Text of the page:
GRÉGORY Bourdy took full advantage of the local knowledge bestowed upon him by Darren Clarke as a seven under par round of 65 moved him into the joint lead alongside Jeev Milkha Singh in the first round of the Irish Open at Royal Portrush Golf Club.
Padraig Harrington was the best of the Irish contingent, finishing on five under par.
The three-time major champion, playing with Graeme McDowell and Simon Dyson recorded six birdies and just one bogey in his round.
“I am very, very happy with the score and certainly would have taken that going out,” said Harrington.
“It keeps me well in position with the only disappointment, and taking some of the shine off my round, was the three-putt for bogey at the last.”
Singh is visiting Northern Ireland for the first time and he spoke of his joy in competing on a links course after having made his link’s debut as a then 16-year-old in the 1988 British Amateur championship at Royal Porthcawl in Wales.
“The atmosphere and the feel to the golf course is fantastic,” said the 40 year old.
“When you have so many people cheering and watching you I think you feel great.”
Singh, who was presented with a 21 year old bottle of single malt whisky by Darren Clarke before the event, had precious little experience of playing links golf growing up in Chandigarh, but mastered the course and conditions in a dynamic display.
“I love links golf, you have to hit a lot of low shots and you have to have a lot of imagination,” said the three-time European Tour champion.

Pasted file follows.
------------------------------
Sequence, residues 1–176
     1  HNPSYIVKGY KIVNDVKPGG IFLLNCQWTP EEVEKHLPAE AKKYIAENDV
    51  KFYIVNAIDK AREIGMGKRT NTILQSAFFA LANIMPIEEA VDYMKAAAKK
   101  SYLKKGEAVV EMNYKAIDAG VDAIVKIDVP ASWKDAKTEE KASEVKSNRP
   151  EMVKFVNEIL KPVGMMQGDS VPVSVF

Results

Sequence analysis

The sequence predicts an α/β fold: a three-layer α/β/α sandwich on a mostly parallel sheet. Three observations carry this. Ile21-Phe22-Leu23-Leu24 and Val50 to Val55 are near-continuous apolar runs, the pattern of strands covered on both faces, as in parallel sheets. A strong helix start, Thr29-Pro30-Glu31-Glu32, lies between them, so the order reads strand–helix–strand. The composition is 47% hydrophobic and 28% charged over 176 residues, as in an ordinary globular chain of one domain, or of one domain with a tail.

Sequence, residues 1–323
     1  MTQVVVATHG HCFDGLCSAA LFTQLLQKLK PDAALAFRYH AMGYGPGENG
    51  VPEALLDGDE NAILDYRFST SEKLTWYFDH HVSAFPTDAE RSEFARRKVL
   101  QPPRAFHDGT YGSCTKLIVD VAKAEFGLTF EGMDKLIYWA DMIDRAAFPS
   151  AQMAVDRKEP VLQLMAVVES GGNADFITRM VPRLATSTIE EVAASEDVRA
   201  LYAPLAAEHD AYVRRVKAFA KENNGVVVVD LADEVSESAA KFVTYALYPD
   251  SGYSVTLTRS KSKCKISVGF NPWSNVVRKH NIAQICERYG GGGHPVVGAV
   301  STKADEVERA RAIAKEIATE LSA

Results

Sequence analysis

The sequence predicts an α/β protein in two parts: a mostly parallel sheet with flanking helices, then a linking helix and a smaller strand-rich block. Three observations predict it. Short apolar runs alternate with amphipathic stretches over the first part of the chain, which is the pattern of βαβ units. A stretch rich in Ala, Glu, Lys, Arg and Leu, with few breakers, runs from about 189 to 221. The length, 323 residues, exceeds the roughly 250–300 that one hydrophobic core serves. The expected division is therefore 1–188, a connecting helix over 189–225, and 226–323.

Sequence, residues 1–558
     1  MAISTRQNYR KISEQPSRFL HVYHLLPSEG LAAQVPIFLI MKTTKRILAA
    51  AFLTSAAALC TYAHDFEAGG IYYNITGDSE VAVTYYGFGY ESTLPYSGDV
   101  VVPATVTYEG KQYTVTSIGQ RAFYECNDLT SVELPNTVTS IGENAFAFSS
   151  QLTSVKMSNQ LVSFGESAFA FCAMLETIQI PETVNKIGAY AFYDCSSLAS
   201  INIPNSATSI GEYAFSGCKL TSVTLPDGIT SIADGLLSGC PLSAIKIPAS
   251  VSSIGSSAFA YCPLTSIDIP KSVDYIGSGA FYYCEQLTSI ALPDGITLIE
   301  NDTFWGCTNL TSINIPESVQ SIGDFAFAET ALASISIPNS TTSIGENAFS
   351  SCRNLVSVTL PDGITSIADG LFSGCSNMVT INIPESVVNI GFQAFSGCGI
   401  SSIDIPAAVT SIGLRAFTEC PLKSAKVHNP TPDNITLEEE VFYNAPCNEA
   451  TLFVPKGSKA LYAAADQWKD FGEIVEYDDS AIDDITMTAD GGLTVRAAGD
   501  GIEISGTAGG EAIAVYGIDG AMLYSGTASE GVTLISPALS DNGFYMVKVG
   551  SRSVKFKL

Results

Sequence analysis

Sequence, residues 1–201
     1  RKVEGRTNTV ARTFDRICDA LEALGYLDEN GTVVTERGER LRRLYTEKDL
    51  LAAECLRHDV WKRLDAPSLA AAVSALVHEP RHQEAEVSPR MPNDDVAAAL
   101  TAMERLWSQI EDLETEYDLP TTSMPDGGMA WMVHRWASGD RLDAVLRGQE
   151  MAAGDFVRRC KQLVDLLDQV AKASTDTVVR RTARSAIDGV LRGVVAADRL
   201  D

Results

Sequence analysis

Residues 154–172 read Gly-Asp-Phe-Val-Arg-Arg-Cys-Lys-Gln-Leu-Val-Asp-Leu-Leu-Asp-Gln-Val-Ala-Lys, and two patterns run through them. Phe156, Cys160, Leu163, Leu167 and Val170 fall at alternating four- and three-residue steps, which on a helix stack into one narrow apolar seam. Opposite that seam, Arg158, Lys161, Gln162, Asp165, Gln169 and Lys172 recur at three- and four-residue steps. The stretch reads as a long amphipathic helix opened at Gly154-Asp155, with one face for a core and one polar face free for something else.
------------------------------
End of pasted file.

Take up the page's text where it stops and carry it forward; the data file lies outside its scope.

“When I went out I thought ‘My God, this is tough’. I wasn’t used to wearing raingear.”
Play was suspended for 95 minutes midway through the opening round of the first Irish Open to be held in Northern Ireland since 1953, but Singh came in just before the delay and set the pace early on thanks chiefly to a six under par front nine of 30.
Bourdy then followed suit, and he had a Darren Clarke to thank for his success. After playing his practice round on Tuesday alongside Clarke, Bourdy did not record a single bogey as he racked up seven birdies in front of record crowds, with 23,283 attending the opening day.
“I played with Darren on Tuesday and it was great,” he said.
“He gave me a lot of advice which was good, and it was fantastic to play with a guy who won The Open the year before, on his home course too.
“He knows the course really well, and he was great with me on Tuesday. For sure, it helped me a lot today and I’m going to thank him. I will try to play the same game tomorrow and for the rest of the week.”
Former Open champion, American John Daly, was in the first group out at 7.30am and returned a 71.
Asked if he was a good early riser he replied: “I am now. I get up when I used to get in!”
England’s Mark Foster started his Irish Open with a 66 after receiving a blessing from South African Archbishop Desmond Tutu.
Foster carded seven birdies to a single bogey and lies one shot off the clubhouse lead.
“He (Tutu) was sat behind me on the flight over and I had my photograph taken with him,” said the Worksop golfer, chasing only his second European Tour victory in more than 300 starts.
“There were some others on the plane who were more excited about Ronan Keating being there, but I told him it was an honour to meet him.
“You don’t get a chance to meet someone like that very often and after shaking his hand he gave me God’s blessing.”
Perhaps just as important were some words from his wife Sophie before he headed for the airport.
“I had a massive negative not qualifying for The Open on Monday (he actually pulled out despite an opening 70 in the 36-hole event) and was really down,” he said.
“But she told me I’d played well on Sunday in Germany, it’s only Monday, so let’s go again Tuesday.”